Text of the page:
What is the theme of ‘Music?

The poem’s theme is a reverent appreciation of music that places the art form on par with spiritual transcendence and rapture. Throughout the poem, Mare’s diction and use of figurative language create parallels to religious worship (both Catholic and pagan). The poem serves as a passionate ode to music’s ardent ability to enrich not just the world around us but ourselves as well.

Why did Walter de la Mare write ‘Music?

Mare clearly wrote the poem over their own deep appreciation for music. In this way, their verse is exceptionally timeless and representative of the way art is such a staple of human existence. The poem itself seems to argue as much in its attempt to entangle music with nature and spirituality.

How are Naiads significant to the poem?

The naiads are a type of female water spirit or nymph that originate from Greek mythology. They were depicted as living in fresh bodies of water such as lakes, rivers, wells, and even fountains. Despite being characterized as exceptionally beautiful creatures, they were also known to be extremely dangerous and even treacherous.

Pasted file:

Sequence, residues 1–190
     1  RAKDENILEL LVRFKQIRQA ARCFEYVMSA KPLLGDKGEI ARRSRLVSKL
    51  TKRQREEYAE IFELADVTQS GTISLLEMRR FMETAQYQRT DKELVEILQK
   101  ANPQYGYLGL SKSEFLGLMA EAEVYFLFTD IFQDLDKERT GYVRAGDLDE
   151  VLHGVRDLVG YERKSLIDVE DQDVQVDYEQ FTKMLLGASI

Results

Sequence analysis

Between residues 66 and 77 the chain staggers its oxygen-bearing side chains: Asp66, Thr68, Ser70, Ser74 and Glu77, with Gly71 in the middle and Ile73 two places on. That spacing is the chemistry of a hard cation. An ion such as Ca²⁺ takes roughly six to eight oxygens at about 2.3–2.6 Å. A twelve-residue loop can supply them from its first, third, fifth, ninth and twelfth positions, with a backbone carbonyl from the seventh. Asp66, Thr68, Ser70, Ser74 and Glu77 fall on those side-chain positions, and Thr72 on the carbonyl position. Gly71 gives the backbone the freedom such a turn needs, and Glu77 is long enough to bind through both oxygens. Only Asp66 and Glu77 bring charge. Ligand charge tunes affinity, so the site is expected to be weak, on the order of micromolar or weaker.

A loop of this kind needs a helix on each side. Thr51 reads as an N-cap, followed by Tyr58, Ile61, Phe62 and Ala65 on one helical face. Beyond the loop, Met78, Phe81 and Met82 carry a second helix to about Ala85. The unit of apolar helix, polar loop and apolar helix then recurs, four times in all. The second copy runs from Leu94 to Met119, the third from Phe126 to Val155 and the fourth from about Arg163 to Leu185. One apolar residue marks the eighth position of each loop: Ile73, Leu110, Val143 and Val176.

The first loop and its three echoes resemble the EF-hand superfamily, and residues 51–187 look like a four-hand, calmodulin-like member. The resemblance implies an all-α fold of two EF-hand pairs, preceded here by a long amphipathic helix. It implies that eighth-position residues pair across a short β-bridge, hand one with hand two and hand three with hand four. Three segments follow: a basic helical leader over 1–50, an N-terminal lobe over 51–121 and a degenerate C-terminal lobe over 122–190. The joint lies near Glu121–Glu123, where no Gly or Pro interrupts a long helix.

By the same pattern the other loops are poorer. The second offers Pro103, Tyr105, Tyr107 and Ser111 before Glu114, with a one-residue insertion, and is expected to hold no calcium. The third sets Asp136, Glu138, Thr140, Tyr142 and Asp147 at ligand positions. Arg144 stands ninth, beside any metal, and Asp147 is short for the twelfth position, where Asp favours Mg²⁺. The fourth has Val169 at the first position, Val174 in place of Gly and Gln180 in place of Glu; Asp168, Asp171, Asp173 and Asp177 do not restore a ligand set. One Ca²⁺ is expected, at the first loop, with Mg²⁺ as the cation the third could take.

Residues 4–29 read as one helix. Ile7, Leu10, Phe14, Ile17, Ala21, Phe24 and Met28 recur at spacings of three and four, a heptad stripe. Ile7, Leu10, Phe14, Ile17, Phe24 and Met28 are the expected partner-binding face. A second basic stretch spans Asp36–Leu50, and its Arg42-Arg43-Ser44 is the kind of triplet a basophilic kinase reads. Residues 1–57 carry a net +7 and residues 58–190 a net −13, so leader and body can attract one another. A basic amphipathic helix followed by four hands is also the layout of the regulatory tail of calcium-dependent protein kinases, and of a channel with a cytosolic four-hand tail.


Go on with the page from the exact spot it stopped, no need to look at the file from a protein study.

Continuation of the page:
What is the purpose of the repeated use of anaphora?

Because Mare’s poem is about music, it makes sense it contains its own distinct rhythm. But the repetition of the line “When music sounds” has a variety of effects that aren’t just relegated to the poem’s cadence. In beginning each line this way, the poem’s narrative voice is made all the more momentous and ecstatic. While also echoing a kind of religious prayer or chant.

Similar Poems

Check out these other poems by Walter de la Mare below:

  • ‘All But Blind’ – this poem peers into the way people are metaphorically blind to different things.
  • ‘Some One’ – this dreamlike poem follows the arrival of a stranger to a solitary cabin.
  • ‘Winter’ – this poem illustrates a beautiful winter scene that is admired by the speaker.

Poetry+ Review Corner


Enhance your understanding of the poem's key elements with our exclusive review and critical analysis. Join Poetry+ to unlock this valuable content.